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NZ Post shake-up may see reduction in number of Kiwibank branches with more electronic self service kiosks coming
By Gareth Vaughan
Kiwibank, whose branches double as Post Shops run by its parent New Zealand Post, says although it's too soon to say what a major cost cutting exercise by NZ Post will mean for bank branch numbers, its customers will be serving themselves more in the future.
NZ Post, a state owned enterprise, warned yesterday its postal services will be unprofitable by 2016/17 or earlier unless it is allowed to change its Deed of Understanding with the Government to cut mail deliveries to three times a week and to convert more than 70% of its 880 post offices to self-service kiosks. NZ Post CEO Brian Roche said the company needs to update the Deed relating to standard letter delivery and postal outlet services. The last major update to the Deed was in 1998, before both the digital revolution and Kiwibank's 2002 birth.
The bank has become NZ Post's key cash cow, with the NZ Post group, after one-off adjustments, recording annual net profit after tax last year just NZ$700,000 higher than Kiwibank's record NZ$79.1 million at NZ$79.8 million.
Today every Kiwibank branch, of which there are around 280, doubles as a Post Shop, given the bank branches were set up inside existing Post Shops.
NZ Post's proposing it's network will contain no fewer than 880 service points in total, including no fewer than 240 where consumers can, in addition to accessing postal services, use such bill payment services as NZ Post may provide. It says the network may be made up of a combination of outlets owned by NZ Post, services hosted in other businesses and electronic self-service kiosks, with an obviously possibility being a reduction of Post Shops, and therefore Kiwibank branches.
'You're getting ahead of us'
Asked what NZ Post's proposals could mean for Kiwibank, especially in relation to its branch network, a Kiwibank spokesman told interest.co.nz: "You are getting ahead of us."
"The first steps are NZ Post looking for feedback on their request to change their Deed of operation. And then you get to 'will this affect the number of Post/Kiwibank outlets and if so when'?"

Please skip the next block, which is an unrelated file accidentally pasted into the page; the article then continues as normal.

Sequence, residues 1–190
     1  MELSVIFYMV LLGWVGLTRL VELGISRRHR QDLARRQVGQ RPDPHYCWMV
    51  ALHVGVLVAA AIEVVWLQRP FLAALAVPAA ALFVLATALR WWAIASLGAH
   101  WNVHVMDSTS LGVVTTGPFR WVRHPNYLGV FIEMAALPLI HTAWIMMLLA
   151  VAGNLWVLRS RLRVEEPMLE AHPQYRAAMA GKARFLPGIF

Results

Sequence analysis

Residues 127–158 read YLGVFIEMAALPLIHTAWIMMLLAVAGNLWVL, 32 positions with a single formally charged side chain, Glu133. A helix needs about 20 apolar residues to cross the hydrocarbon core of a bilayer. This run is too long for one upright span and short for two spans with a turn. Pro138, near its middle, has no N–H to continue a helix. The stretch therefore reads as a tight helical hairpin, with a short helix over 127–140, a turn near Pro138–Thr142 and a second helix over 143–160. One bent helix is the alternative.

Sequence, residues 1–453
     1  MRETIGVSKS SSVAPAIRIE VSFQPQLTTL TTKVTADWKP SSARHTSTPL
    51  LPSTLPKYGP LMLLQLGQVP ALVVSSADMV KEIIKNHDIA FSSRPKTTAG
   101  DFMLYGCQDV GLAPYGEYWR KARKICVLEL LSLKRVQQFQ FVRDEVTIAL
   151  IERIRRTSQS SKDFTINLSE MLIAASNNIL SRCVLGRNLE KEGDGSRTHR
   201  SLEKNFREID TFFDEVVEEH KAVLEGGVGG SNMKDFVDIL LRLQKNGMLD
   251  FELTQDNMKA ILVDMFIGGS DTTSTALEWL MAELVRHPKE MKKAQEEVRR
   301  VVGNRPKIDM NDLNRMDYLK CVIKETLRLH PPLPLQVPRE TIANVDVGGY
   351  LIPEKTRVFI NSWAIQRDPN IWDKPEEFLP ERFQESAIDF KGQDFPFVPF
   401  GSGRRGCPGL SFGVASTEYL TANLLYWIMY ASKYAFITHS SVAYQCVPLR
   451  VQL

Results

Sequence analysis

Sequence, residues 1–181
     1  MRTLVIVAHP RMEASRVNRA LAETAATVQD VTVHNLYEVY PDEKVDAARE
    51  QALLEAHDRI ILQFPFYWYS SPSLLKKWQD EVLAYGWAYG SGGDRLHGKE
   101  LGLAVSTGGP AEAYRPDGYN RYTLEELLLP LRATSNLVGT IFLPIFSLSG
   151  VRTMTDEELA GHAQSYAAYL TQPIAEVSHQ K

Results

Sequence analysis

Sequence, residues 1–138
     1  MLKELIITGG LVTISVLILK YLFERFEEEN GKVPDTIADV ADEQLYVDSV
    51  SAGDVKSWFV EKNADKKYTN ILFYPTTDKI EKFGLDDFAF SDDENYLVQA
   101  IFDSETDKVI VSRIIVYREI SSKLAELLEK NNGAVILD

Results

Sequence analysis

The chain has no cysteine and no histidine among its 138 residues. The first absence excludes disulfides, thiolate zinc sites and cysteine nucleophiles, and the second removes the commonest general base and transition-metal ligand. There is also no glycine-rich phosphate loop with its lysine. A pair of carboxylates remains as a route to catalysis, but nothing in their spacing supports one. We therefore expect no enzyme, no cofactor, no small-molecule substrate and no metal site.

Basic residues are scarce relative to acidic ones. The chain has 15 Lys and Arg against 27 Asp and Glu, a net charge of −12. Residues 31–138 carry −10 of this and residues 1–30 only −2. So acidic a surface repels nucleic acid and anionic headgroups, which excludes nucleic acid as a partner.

"And so you're getting too far ahead of us for us to be able to answer those questions," the Kiwibank spokesman said.
"As to what the face of retail banking will be in the future, that to is difficult to identify. But certainly (electronic) self serve machines are becoming more prevalent and they're obviously not just glorified ATMs. They are more sophisticated than that."
The spokesman acknowledged the way customers interact with Kiwibank would change over time.
"But the question is when and how and I don't have those answers yet because Post is now taking its first major step in relation to the Deed and I don't want to preempt it."
Any change will require government approval. Submissions on NZ Post's proposals are due by 5 pm on Tuesday, March 12. See full details here.
Kapiti pilot may be expanded
Kiwibank and NZ Post last year released a registration of interest document seeking help with their "retail transformation programme" as they prepared to spend tens of millions of dollars modernising and upgrading ATMs, self service technology and cash management services as they look to reduce queues and spruce up branches deemed "tired" by customers.
A NZ Post spokesman said no single respondent to the registration of interest document was able to provide all the services required within the timeframe sought.
"As a result we revaluated the options and have gone down a different path. Since June last year we have issued a number of closed requests for proposal (RFP). Including:; An RFP for postal kiosks, which we are currently negotiating with a preferred vendor on. We’ve issued an RFP for ATM and cash management services which is current and underway. Alongside this we’ve issued an RFP for a teller cash recycler service provider and we are also negotiating with a preferred vendor on this," the NZ Post spokesman said.
Meanwhile, Kiwibank has been running what it calls a "better change" project at five branches in Kapiti. These branches have a significant self service component designed to push high volume, low value transactions away from the counter. Kiwibank has said this will enable staff to spend "quality time" working on high value transactions, including attracting new customers and selling products. Further news on the "better change" project, including potentially rolling it out on a more widespread basis, is likely in Kiwibank's half-year financial results towards the end of February.
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